I truly believe that those who drag out the "laws of physics" in regards to fat acceptance probably could not actually tell me what those laws ARE. They probably also do not realize that, while the basic "laws" are regarded as fundamental, they mostly refer to idealized, closed systems. The real world is a lot stickier and messier than the simplified mathematical world of scientific theory. As an example, you may be able to learn frog dissection from a computer model, or from looking at diagrams in books. However, when you have a real frog, a real scalpel, you often find that what's inside the real frog differs from the ideal frog of the diagrams, just as people's anatomy differs from the ideal models and diagrams. You might get a frog that is full of eggs, or missing a kidney, or had a nasty parasite. That doesn't mean that the diagrams are erroneous, it just means that reality can be variable.
To summarize the basic laws of physics, they are:
Newton's Three Laws of Motion, which include the "Law" of Gravity, Conservation of Mass-Energy, and Conservation of Momentum.
The Laws of Thermodynamics, which expand upon the second Law of Motion and include:
* The zeroeth law of thermodynamics makes the notion of temperature possible.
* The first law of thermodynamics demonstrates the relationship between internal energy, added heat, and work within a system.
* The second law of thermodynamics relates to the natural flow of heat within a closed system.
* The third law of thermodynamics states that it is impossible to create a thermodynamic process which is perfectly efficient.
Electrostatic Laws, which deal with charged particles, electrostatic forces, and electrostatic fields.
Invariance of the Speed of Light, which says that the speed of light in a vacuum is constant
Einstein's Theory of Relativity, which has been the subject of a great deal of debate recently, and modifies Newton's laws.
Quantum Mechanics, which deals with how matter and energy behave at the atomic and subatomic levels.
Have you got all that, now? Okay, good.
Now, I don't really see anything about fat people in the laws. What I do see, whenever the laws of physics are discussed in reality (instead of invoked as an accusation), is a caution that they are best applied to simple, closed systems. They are best understood on paper. Applying them to messy real life situations, even when you're involving inanimate objects, is a complicated, difficult thing that we like to call engineering. Having more than enough engineers in my life, I am familiar with the idea that even people who are educated and experienced in the real-life application of physics can have big things go wrong when one minor detail was not accounted for. New discoveries are made all the time as a result of mishaps and catastrophes. Each material has its own properties, and if we completely understood ALL of the inanimate matter in the world, corporations like 3M, Dow Chemical, and DuPont (to name just a tiny fraction) would have no reason for existing. Factor in the infinitely more variable and complicated nature of living matter, and you will begin to get an idea of how little the human species really knows about the world around us.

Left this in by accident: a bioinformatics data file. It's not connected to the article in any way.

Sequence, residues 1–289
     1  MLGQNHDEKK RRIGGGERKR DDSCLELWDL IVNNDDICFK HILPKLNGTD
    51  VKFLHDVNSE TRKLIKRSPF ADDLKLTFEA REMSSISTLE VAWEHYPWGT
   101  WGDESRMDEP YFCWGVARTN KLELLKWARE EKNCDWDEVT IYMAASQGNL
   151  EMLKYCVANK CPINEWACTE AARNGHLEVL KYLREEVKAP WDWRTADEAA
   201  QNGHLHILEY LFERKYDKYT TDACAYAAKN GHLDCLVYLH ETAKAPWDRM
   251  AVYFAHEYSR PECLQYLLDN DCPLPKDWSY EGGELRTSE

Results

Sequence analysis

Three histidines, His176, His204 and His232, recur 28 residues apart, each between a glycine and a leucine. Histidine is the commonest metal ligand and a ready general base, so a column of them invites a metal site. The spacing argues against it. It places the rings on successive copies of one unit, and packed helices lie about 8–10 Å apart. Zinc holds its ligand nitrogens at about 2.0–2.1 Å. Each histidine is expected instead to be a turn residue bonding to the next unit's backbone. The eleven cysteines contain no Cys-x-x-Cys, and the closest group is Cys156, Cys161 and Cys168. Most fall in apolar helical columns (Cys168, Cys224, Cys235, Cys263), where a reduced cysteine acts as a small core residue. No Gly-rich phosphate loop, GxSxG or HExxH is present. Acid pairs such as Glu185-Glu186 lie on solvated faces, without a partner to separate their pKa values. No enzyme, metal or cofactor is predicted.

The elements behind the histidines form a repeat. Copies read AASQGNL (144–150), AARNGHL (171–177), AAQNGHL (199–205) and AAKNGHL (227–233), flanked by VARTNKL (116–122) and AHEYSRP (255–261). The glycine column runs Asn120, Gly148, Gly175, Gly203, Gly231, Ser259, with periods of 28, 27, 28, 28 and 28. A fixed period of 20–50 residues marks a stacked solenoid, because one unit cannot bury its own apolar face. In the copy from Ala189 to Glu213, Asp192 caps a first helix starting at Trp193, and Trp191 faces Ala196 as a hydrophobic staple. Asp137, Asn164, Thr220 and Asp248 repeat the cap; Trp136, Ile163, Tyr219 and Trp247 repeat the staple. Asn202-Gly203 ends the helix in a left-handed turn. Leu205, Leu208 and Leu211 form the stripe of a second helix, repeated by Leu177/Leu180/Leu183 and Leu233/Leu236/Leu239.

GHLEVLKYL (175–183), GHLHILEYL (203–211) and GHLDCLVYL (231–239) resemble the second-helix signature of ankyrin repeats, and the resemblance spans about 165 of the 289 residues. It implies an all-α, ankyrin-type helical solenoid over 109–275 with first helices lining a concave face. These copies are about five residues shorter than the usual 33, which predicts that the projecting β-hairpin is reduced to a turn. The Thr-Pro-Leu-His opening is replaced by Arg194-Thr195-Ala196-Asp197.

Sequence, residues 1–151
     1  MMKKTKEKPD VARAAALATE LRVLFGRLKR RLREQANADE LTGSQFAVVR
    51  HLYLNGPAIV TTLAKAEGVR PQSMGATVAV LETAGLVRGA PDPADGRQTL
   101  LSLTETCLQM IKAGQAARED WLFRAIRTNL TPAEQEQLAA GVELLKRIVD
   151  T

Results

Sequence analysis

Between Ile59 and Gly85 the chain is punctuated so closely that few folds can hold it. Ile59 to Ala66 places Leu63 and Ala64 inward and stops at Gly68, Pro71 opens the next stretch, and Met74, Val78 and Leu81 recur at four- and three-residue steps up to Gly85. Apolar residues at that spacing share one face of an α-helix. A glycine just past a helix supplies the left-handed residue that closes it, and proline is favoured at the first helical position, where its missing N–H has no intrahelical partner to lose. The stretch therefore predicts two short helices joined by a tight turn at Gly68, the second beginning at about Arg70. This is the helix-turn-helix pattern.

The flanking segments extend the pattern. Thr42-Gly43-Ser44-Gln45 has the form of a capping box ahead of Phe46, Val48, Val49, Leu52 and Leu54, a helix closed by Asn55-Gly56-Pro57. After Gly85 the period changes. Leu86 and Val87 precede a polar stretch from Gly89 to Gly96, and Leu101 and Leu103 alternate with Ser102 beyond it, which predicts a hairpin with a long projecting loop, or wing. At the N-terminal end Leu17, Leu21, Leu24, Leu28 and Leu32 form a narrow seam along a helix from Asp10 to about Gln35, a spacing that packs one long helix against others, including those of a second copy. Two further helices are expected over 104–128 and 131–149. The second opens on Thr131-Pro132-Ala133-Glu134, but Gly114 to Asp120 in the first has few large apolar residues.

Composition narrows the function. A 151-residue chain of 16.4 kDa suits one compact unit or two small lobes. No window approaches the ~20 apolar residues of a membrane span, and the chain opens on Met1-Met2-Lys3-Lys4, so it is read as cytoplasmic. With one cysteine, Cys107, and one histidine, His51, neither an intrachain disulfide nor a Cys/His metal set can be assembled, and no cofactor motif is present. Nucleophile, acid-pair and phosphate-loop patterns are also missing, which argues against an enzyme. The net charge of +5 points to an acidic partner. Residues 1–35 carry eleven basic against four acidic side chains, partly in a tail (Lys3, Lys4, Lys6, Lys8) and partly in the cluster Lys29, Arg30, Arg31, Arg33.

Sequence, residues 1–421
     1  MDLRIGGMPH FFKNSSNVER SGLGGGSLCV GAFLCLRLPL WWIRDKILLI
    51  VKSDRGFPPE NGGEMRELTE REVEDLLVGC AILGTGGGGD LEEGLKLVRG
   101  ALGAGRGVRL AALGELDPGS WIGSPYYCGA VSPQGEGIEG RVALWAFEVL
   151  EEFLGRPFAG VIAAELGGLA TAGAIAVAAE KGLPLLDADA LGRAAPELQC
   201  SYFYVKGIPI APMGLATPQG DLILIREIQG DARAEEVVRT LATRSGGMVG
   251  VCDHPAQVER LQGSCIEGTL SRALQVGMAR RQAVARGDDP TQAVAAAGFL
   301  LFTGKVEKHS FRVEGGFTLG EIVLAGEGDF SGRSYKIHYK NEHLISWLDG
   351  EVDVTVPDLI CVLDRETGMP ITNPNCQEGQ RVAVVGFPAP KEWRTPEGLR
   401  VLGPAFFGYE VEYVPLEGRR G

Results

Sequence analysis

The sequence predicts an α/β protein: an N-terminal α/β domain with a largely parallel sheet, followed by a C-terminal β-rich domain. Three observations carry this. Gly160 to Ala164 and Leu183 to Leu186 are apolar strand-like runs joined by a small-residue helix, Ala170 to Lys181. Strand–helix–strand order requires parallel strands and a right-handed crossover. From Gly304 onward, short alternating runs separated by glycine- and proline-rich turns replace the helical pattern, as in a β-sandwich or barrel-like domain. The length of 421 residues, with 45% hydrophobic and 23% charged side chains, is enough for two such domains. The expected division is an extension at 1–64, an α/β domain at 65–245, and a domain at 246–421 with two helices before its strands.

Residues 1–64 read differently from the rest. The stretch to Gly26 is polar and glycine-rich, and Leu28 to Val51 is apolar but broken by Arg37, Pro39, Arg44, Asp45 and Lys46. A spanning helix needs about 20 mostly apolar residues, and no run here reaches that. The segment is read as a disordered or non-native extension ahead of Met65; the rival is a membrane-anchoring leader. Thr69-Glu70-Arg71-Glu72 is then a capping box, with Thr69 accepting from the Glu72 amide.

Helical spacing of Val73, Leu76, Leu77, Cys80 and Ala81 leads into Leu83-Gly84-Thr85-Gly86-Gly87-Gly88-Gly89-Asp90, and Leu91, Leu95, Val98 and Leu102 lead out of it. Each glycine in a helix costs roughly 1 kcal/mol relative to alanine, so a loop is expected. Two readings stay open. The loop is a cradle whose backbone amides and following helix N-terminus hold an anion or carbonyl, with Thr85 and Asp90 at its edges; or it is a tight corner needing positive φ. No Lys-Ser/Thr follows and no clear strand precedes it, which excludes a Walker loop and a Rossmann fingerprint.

Sure, we've revealed a great deal about the macrofauna of our planet, and every day we are unlocking more and more information about biochemistry, viruses, and genetics, but the first thing a biology student learns when they get to their first day of college biology is that we actually don't know a whole lot, and much of what they learned in high school has already become obsolete, or wasn't even accurate in the first place. One of the hardest things about teaching is helping students to un-learn inaccurate stuff, overturning sacred cows of misinformation, and opening eyes to the reality that the world is a heck of a lot bigger and more complex than they ever knew. This is the fight that Size Positive and HAES proponents have with the collective psyche around us, that has been fed a steady diet of oversimplified pseudo-science presented as absolute fact. Getting people to realize that calorie intake and energy expenditure is not a simple equation is especially hard, because people really and truly want to believe that it's that easy.
The question in my mind is, how do we frame the more accurate picture so that it is easy to understand, but not limiting? I think that there have been a number of great articles out there that help with this, but I want to see more, and I want to see them everywhere.
This concludes the "Laws of Physics" series.